Five ways to maximise your outreach to nonvegans


Thursday, 7 May, 2015

Spreading veganism is a serious issue if we wish to raise the proportion of vegans across the board. The few surveys conducted support the theory of an increase in dietary and ethical vegans – but how can we build upon veganism’s burgeoning status?

You may be facing periods of doubt or frustration when it comes to vegan outreach – after all, how can you, as an individual, change internalized patterns of behaviour? Perhaps it’s time to re-think the ways in which you approach non-vegans.

You may already have embarked upon the first step: going vegan. Through this action, you already act as an example to others. But don’t forget, going vegan does not merely mean changing one’s diet and lifestyle. Veganism involves being aware of related oppressions and issues, including speciesism but also how the declining environmental climate disproportionately affects people of colour, as well as feminist issues involving the exploitation of female animals’ reproductive systems – the list goes on. The most important next step is the promotion of a veganism that is conscious of all these areas and oppressions. 

We may have a long way to go but around the globe, but change is happening; dedicated vegan organisations struggle bravely on amid warzones, while in the West, vegan products and vegan supermarkets are swiftly becoming more popular. It has never been easier to go vegan – let’s reflect that.

Five things you can do to maximize your outreach

1) Use other channels of communication. Are you shy, and loathe to encourage others into conversation? Then perhaps social media or blogging is a less scary way for you to communicate effectively with others over veganism. Remember, it’s not your duty to respond to negative comments you receive via these channels either – often just putting your message out there will be enough to get people thinking, without you having to engage further if you do not wish it.

2) Join vegan organisations. Join your local and national vegan organisations to get the message out there. Not only can you end up raising money for great causes that can be used to turn more people vegan in the future, but running information stalls and promoting vegan-friendly campaigns is a great way to reach out to people regularly. UK residents, why not check ’s local contacts list to see how you can get involved? You can also joinhere, and volunteer to hand out leaflets or run stalls by emailing volunteer[at]vegansociety[dot]com.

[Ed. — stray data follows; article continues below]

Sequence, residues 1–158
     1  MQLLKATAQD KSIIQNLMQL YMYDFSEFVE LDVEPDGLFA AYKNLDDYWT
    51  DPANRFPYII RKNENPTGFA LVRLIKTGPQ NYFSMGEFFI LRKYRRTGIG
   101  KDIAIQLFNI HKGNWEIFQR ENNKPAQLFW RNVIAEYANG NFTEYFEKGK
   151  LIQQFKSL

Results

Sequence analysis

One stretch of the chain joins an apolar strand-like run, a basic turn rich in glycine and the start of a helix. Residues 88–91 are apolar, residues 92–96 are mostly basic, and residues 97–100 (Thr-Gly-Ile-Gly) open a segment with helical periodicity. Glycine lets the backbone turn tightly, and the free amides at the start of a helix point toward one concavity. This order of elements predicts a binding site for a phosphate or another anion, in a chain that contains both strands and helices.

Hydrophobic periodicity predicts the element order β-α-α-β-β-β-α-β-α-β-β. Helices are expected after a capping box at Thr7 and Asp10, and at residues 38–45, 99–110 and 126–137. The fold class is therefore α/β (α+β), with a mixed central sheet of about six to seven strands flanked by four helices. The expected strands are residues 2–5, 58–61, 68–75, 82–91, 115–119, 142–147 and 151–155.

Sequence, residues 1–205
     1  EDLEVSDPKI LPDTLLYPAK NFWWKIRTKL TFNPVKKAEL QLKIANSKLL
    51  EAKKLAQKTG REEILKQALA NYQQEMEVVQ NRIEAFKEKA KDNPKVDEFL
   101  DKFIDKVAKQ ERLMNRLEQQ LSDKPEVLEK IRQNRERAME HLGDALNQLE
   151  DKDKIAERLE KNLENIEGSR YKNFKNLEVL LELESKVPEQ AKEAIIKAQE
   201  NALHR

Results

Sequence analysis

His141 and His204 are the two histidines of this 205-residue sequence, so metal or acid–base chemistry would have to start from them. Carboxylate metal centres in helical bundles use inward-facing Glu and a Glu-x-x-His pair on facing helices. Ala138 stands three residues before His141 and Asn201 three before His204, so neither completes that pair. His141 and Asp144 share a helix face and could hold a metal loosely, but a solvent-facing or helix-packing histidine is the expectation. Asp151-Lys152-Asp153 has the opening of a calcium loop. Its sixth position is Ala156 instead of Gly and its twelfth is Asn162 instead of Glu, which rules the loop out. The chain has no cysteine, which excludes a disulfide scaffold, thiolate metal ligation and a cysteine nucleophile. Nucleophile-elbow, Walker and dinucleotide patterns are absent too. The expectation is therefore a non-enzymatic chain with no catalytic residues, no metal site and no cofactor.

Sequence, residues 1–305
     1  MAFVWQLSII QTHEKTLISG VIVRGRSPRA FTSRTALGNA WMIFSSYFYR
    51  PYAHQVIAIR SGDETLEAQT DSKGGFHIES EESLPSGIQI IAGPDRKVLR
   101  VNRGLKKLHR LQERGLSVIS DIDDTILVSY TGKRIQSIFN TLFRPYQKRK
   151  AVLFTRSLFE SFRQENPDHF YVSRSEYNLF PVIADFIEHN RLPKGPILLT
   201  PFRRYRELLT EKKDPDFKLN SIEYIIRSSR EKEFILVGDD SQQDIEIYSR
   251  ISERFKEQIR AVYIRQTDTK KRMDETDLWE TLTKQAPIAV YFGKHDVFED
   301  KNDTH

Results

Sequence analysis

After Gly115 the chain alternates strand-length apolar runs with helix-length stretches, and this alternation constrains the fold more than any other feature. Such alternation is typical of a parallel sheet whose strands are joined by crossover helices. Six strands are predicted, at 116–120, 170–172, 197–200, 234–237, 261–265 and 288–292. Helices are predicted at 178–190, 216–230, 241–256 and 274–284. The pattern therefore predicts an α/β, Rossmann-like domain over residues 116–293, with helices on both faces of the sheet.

3) Encourage discussion with those around you. Do you live on a budget and can´t afford to donate, or just don’t have the time to volunteer? Then you can start promoting veganism among your own family and friends, proceeding to conversations with strangers as soon as you are confident enough. Demonstrating the ethical benefits of a healthy vegan lifestyle, underpinned with scientific evidence, is likely to help your cause the most. Be open for questions and remember what you used to think before you became vegan – this will allow you to effectively empathise with the non-vegan point of view, and prevent you from becoming overly reproachful. Making a connection with people is often easiest when talking in a small group about your own personal experiences.

4) Demonstrate with great recipes. Share tasty meals with co-workers, friends and family, and always be on hand with recipe suggestions should these treats pique their interest.

5) Flaunt it with fashion. Next time you need new clothes, why not shop for a vegan t-shirt  – there are many vegan clothes options nowadays, sold by animal sanctuaries, vegan organisations and in specialist shops. It´s the most simple way to make people aware of veganism – just by walking on by.

It may sound cheesy, and you will have heard this before – but everyone can make a difference. So go ahead: donate money, volunteer, use social media, show off your vegan lifestyle, sign petitions, partake in direct action, adopt animals and spread the word out there. GET ACTIVE.

by Katharina Stracke

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